As New York gears up for the Obamacare open-enrollment period that begins on Nov. 15, state officials have a vested interest in making sure things go smoothly. The success of health care reform in New York will be measured by how many residents maintain their coverage or sign up for the first time.

Just over 75% of those who used the state's new Obamacare exchange last year would recommend it to others, according to a new survey. But 92% of respondents who used the exchange to become newly insured were satisfied with the coverage, according to the survey, released Monday by the New York State Health Foundation.

However, there is one additional point I should add. Remember that ridiculous Bankrate survey I posted about yesterday which claimed that over half of ACA enrollees don't plan on using the exchanges again this year? Well...

Faced with a decision on whether to enroll again, 92% of respondents said they are at least somewhat likely to renew their coverage.

This is absolutely awesome...and extremely frustrating at the same time. Dan Goldberg and his chums at CNY have put together another extremely detailed breakdown of ACA enrollments in New York City, with QHPs, Medicaid and CHIP enrollees sorted out by individual zip code (a pretty herculean task given how many zip codes there are in NYC). Even more interesting (from my perspective, anyway) is that they've managed to get the current enrollment figures--updated through September. Since the NY exchange pointedly informed me back in June that they had no plans to release updated enrollment figures during the off-season at all, this is a huge development from my POV.

The only problem, of course, is that this map only gives the tally for NYC itself (about 8.4 million people total) not the rest of the state (about 19.6 million). Since my data is focused on the state-level numbers, this is frustrating; so close, and yet so far. I suppose I could extrapolate the numbers by multiplying each by 2.3x, but that doesn't work because the demographics are so vastly different between the two.

Anyway, for NYC itself, there's gobs of data-nuggety goodness to be found:

On Tuesday, the New York Daily News posted a story about a man in New York who is suing Empire BlueCross BlueShield because the insurance policy he purchased from them is essentially useless. As the header summarizes it:

Man sues Empire insurance company, claims search for doctor became ‘frustrating’ runaround

Jon Fougner says his simple search for a doctor through the insurance company website turned into a ‘Dickensian nightmare.’ Some doctors did not accept new patients, others never returned his calls, and some had wrong contact information listed on the Empire BlueCross BlueShield website, he claims. He accuses Empire of breach of contract, fraud and false advertising.

Between my son being sick for the past 4 days (he's better now, thanks!), losing my internet connection for 2 days (it's back up now, thanks!) and just generally being swamped with work, I don't have time to give these stories the attention they deserve, but they're all worth checking out:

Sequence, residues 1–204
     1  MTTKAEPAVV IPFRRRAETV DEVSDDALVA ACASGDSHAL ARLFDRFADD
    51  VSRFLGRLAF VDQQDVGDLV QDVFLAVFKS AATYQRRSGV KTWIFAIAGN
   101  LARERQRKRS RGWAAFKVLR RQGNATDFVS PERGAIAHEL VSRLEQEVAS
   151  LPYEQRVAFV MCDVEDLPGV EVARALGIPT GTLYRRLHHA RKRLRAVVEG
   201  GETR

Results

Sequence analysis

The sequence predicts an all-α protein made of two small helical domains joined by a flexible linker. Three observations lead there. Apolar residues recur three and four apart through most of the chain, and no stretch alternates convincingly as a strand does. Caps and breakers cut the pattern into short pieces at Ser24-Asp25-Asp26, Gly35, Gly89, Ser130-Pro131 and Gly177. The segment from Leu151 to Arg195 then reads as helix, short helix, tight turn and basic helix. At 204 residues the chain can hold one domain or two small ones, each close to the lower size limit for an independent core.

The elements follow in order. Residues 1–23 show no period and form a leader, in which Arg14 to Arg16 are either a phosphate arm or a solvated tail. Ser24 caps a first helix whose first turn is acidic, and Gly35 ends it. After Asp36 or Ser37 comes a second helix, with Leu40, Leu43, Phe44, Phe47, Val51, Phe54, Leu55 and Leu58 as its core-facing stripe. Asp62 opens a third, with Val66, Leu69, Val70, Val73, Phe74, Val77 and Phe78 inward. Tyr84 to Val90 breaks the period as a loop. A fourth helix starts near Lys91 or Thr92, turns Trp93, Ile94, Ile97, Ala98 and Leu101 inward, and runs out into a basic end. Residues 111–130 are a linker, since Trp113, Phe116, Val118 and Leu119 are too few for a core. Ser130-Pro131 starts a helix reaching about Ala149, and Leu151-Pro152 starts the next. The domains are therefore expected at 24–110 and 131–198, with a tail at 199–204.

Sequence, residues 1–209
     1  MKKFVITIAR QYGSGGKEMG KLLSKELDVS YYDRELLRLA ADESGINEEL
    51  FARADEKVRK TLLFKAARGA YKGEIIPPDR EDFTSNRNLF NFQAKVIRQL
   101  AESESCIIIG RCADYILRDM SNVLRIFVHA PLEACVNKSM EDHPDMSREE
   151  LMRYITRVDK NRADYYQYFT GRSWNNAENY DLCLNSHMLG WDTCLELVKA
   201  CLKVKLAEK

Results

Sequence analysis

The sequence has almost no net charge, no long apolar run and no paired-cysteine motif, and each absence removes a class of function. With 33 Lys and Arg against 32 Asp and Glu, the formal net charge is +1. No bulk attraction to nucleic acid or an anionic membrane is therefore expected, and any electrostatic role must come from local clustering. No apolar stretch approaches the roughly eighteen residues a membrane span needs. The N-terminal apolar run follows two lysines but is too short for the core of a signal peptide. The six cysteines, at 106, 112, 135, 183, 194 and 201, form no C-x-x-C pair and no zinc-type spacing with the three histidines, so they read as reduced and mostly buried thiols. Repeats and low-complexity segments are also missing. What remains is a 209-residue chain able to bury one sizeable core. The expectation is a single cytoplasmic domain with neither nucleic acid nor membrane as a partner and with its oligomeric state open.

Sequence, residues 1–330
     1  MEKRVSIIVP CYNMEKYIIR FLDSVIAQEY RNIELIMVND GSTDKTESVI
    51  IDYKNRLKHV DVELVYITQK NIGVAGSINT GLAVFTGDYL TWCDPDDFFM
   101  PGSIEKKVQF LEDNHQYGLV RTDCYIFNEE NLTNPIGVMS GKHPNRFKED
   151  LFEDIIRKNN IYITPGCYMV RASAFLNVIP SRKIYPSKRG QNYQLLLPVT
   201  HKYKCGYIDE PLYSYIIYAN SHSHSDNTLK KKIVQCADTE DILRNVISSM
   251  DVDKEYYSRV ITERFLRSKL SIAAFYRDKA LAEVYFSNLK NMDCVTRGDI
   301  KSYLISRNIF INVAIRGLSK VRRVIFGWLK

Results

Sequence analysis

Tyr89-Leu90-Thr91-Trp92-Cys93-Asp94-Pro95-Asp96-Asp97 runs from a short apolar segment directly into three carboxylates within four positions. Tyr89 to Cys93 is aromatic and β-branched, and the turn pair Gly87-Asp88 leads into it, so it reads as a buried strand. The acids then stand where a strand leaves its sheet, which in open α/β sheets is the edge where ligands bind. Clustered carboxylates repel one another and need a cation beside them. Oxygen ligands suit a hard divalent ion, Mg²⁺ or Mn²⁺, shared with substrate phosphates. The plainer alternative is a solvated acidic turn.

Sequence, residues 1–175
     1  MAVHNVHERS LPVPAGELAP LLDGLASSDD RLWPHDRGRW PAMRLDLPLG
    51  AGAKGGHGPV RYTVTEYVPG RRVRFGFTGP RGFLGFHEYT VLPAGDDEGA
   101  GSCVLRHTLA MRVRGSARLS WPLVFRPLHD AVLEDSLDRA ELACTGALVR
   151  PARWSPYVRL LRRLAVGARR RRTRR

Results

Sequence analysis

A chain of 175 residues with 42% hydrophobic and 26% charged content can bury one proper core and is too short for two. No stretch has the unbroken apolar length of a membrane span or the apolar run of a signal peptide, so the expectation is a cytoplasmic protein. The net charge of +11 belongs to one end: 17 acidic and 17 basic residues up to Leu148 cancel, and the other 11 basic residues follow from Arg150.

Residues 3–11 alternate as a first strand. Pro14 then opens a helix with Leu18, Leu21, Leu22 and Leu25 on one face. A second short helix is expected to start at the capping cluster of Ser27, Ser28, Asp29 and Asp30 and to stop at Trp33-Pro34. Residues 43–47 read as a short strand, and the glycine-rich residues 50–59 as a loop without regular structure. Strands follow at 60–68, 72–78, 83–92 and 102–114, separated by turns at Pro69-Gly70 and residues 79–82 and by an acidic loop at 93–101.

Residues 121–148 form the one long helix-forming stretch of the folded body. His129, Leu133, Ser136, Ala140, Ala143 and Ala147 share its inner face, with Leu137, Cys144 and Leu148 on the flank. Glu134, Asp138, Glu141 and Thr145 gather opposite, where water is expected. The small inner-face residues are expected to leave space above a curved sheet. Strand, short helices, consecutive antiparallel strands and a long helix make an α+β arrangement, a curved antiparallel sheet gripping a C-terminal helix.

Health Insurance: Enrolling Rural America

Americans living in rural areas will be a key target as states and nonprofit groups strategize how to enroll more people in health law insurance plans this fall.

Though millions of people signed up for private insurance or Medicaid in the first year of the Affordable Care Act, millions of others did not. Many live in rural areas where people “face more barriers,” said Laurie Martin, a RAND Corp. senior policy researcher. Brock Slabach, a senior vice president at the National Rural Health Association, said “the feds are particularly concerned about this.”

More legislators want to shut down Cover Oregon

Me, July 17th, re. Rhode Island's 2015 rate report:

The preliminary rate requests are just that: Preliminary. You can REQUEST anything; that doesn't mean you'll get it.

Me, July 22nd, re. New York's 2015 rate request report:

...as I noted last week, there's a huge difference between what the insurance companies are asking for and what they actually get approved. As noted in the article CNY article:

Last year, insurers requested 9.5 percent increases in premiums for their individual plans, but the state Department of Financial Services, which regulates insurers, approved, on average, only a 4.5 percent increase. 

Well, guess what?

Usually I'm able to track down my data either by myself or with the help of several people who send me data links on a fairly regular basis. This has resulted in my being able to fill in off-season QHP enrollment data for almost 20 states.

However, there are several states whose data has eluded me so far...and unfortunately, this includes the two largest state-run exchanges: California and New York. I've contacted both exchanges; CoveredCA told me that updated enrollment numbers would be released "soon" but that was a good month ago. The New York State of Health exchange flatly stated that they, like HHS, would not be giving out any sort of official off-season enrollment update. There's also the Rhode Island exchange, which hasn't responded to my requests at all. (Update: Never mind that last one; just heard directly from the RI exchange, hopefully they'll be able to provide an update soon...)

A week or so ago, I posted an entry about the requested rate changes for 2015 from the insurance companies operating on the New York exchange (I'm emphasizing "requested" since, again, those changes still have to be approved by state regulators, who have already lopped the average increases down dramatically in both Rhode Island and Connecticut, and I just announced that CA kept them to a quite reasonable 4.3% (weighted) average). The overall unweighted average requested change in New York appeared to be 14.6% increase, which isn't good news at all.

Thanks to contributor Bob H., however, for not only crunching the numbers to give the properly weighted average increase, but also for noting that it turns out that the number of companies listed in the original report (a whopping 42 of them) is slightly overstated, to put it mildly. You see, it turns out that, according to Bob...